How Much Control Does China Have Over Rare Earth Elements?

China has engineered global control over rare earth elements—but it cannot last.
How Much Control Does China Have Over Rare Earth Elements?
A front loader shifts soil containing rare earth minerals to be loaded at a port in Lianyungang, east of China's Jiangsu Province, on Sept. 5, 2010. (STR/AFP via Getty Images)
Milton Ezrati

China presently dominates the global supply of rare earth elements (REE). A vital input to everything from smartphones to electric vehicles, to wind turbines, to intercontinental missiles, and more, Beijing threatens sales bans as a way to intimidate other nations.

Most recently, it has cut off sales of these special metals to the United States in retaliation for Washington’s ban on sales of advanced computer chips to China. The action against the United States isn’t the first time Beijing has employed this tactic. It has done it to other nations at other times. The tactic might pay short-term dividends, but as a long-term strategy, it will fail.

Some 17 metals count in the rare earth basket. Each plays a vital role in modern technology for defense and daily life. Lanthanum, for example, helps produce colors on smartphone and computer screens, as does gadolinium. Two of these metals, neodymium and praseodymium, help speakers produce sound. Terbium and dysprosium allow phones to vibrate during meetings when it’s impolite for them to ring. This is a truncated list, but it should give an idea of the extensive uses of rare earth elements.

According to a study from the prestigious Brookings Institution, China presently produces some 60 percent of the world’s rare earth elements and processes 85 percent of them. This dominance, however, isn’t because of a geological accident that places the bulk of rare earth deposits in Chinese territory. On the contrary, despite the word “rare” in the name, rare earth elements are far from rare. They’re more abundant than both silver and gold. Neither are they especially concentrated. They’re in China’s control presently because the mining and refinement of these metals is environmentally problematic, something that China cares less about than the developed nations of the West. Americans, in other words, eagerly ship the environmental problem across the Pacific.

The United States, once self-sufficient in REE, now has only one operating mine—the Mountain Pass Rare Earth Mine and Processing Facility operated by MP Materials Corp. in California’s Mojave Desert. From time to time, mining has had to stop because of regulatory issues. Even what Mountain Pass brings out of the ground, it ships to China for the environmentally fraught business of separation and refinement.

China’s current dominance cuts two ways. As long as China keeps sales unimpeded, the world will remain willing to let matters stand as they are. But if Beijing too frequently, actively, and severely denies users these vital materials, China will lose that position of dominance, for it’s a good bet that the developed West and Japan would, in such cases, cultivate other sources and develop refining techniques acceptable to their more environmentally sensitive dispositions.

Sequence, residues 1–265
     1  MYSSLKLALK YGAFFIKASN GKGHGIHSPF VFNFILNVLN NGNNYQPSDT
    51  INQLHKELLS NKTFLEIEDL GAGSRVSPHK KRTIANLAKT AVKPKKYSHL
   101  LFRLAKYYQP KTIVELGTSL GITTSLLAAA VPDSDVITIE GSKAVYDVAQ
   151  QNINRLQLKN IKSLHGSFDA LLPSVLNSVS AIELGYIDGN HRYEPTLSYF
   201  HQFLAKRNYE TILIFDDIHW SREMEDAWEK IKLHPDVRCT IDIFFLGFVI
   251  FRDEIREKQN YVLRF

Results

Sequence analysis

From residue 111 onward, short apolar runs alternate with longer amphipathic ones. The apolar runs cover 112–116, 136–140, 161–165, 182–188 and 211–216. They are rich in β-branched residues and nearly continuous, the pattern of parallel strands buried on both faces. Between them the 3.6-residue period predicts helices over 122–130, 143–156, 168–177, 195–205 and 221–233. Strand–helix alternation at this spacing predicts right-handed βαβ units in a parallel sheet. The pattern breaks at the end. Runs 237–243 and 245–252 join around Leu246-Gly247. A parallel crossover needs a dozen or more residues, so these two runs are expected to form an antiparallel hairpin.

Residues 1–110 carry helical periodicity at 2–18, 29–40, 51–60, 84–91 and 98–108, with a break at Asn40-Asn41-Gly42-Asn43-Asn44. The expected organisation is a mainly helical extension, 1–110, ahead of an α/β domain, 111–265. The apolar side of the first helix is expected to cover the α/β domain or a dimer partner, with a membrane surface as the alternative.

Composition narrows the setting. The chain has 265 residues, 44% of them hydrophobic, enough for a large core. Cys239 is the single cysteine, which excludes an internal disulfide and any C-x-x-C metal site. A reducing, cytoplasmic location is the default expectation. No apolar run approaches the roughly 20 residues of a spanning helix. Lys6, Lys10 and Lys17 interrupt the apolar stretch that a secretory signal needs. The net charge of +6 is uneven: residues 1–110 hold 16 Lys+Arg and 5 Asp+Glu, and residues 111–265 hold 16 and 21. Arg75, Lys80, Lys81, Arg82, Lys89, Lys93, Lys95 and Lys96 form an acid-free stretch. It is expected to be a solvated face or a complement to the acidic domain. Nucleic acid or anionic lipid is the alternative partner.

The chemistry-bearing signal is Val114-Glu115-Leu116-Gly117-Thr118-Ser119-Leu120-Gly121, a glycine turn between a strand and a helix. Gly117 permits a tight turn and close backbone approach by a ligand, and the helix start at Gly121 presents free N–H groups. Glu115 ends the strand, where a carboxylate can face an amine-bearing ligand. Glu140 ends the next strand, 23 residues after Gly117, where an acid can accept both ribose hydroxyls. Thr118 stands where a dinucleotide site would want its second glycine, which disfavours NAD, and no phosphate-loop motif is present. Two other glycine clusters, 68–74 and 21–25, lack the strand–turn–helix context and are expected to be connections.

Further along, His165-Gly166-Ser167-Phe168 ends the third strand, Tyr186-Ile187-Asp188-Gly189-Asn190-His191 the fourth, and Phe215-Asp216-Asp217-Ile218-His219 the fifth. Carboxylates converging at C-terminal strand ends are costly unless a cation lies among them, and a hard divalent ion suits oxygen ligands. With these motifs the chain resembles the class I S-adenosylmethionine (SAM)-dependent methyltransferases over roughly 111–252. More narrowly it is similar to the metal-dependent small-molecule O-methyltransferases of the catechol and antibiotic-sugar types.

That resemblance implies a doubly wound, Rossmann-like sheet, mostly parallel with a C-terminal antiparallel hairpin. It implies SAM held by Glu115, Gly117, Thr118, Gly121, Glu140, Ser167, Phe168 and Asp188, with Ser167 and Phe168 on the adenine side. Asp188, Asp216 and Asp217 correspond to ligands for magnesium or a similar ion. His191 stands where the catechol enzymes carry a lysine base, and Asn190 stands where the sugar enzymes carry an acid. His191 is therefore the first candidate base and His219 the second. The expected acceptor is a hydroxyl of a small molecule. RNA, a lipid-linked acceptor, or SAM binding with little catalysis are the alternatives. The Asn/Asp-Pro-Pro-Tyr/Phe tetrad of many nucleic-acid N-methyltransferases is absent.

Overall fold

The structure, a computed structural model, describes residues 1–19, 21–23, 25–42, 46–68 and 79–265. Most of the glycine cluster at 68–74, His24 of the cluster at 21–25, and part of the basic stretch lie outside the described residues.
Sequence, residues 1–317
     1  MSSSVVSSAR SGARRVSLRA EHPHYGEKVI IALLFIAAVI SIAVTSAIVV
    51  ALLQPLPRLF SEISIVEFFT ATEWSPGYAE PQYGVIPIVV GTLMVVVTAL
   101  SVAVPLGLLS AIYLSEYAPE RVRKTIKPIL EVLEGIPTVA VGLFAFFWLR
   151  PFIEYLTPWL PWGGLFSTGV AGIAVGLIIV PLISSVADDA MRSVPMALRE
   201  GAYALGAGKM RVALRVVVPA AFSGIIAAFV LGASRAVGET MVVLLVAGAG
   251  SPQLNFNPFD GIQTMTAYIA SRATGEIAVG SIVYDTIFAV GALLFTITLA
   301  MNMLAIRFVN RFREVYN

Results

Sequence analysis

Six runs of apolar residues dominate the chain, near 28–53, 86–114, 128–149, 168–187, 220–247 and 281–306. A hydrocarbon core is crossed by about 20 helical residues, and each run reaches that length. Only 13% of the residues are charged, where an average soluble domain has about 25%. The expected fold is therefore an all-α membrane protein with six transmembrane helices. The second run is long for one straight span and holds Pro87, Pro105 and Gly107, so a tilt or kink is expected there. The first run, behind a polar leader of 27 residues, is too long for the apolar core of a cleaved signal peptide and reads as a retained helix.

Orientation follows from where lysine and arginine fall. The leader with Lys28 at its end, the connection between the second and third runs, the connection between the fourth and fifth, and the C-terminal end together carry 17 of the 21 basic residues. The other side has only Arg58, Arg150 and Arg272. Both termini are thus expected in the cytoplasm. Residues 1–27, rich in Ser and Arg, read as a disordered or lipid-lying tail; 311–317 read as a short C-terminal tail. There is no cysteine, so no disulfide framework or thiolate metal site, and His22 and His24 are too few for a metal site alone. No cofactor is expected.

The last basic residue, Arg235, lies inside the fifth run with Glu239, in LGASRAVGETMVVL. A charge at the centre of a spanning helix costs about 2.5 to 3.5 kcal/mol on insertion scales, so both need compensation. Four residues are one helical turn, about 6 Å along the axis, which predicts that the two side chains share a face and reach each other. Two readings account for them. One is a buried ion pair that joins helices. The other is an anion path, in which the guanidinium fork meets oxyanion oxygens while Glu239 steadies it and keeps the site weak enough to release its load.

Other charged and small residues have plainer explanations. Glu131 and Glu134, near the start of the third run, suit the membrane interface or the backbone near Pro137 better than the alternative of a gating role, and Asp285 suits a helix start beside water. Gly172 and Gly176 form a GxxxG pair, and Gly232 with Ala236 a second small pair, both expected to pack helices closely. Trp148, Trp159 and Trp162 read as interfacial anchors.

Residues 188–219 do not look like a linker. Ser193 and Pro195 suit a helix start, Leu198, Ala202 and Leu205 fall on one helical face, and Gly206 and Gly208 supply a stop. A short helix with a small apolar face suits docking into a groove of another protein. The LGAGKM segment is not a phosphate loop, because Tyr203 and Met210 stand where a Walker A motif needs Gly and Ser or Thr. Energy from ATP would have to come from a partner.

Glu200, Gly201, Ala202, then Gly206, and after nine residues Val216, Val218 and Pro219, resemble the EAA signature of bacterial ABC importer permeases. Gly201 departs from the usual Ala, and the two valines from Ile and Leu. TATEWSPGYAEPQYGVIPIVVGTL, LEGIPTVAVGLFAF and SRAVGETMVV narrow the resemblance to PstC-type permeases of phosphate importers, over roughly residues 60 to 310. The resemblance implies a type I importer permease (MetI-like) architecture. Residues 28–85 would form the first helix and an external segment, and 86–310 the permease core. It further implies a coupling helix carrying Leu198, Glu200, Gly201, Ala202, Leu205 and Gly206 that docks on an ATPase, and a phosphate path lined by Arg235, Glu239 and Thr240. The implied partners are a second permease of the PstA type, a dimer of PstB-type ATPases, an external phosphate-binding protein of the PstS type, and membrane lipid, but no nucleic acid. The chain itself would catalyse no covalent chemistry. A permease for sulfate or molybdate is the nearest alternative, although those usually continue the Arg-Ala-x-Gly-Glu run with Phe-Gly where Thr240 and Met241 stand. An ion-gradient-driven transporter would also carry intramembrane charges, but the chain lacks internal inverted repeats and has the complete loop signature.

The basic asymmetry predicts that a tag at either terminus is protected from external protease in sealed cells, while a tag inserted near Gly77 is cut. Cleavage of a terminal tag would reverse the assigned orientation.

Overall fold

Already, Japan has proposed to the G7 developed nations—Canada, France, Germany, Italy, the UK, and the United States, as well as itself—that they join together to find and finance mining and refining operations in Africa and Latin America. Understandably, Japan would take the lead in such an effort. It has already sustained two Chinese REE bans. One occurred several years ago when Beijing reacted to tensions over uninhabited but disputed islands in the East China Sea. More recently, Beijing again banned REE shipments to Japan because Tokyo joined the American ban on the sale of advanced computer chips to China.

So far, the Europeans and the Americans, without rejecting Japan’s proposal, have shown only limited enthusiasm. But should Beijing go beyond gestures and begin to have a significant economic effect, the other G7 members will almost surely come around to Tokyo’s way of thinking.

Under the circumstances, Beijing would do well to go easy on the export ban game. China, after all, can’t afford the loss of any business. Its exports overall are already in decline, and its economy is slowing uncomfortably. Moreover, a significant ban would induce the West to form around Tokyo’s plan or something like it and begin eroding China’s dominant position.

For Washington, European capitals, and Tokyo, wisdom would induce them to take steps to unwind Beijing’s dominance by taking immediate steps to develop mining and refining operations outside of China’s influence. Even if Beijing resumes regular REE sales, alternative sources would remove Beijing’s temptation to high-handed policies.

Views expressed in this article are opinions of the author and do not necessarily reflect the views of The Epoch Times.
Milton Ezrati is a contributing editor at The National Interest, an affiliate of the Center for the Study of Human Capital at the University at Buffalo (SUNY), and chief economist for Vested, a New York-based communications firm. Before joining Vested, he served as chief market strategist and economist for Lord, Abbett & Co. He also writes frequently for City Journal and blogs regularly for Forbes. His latest book is "Thirty Tomorrows: The Next Three Decades of Globalization, Demographics, and How We Will Live."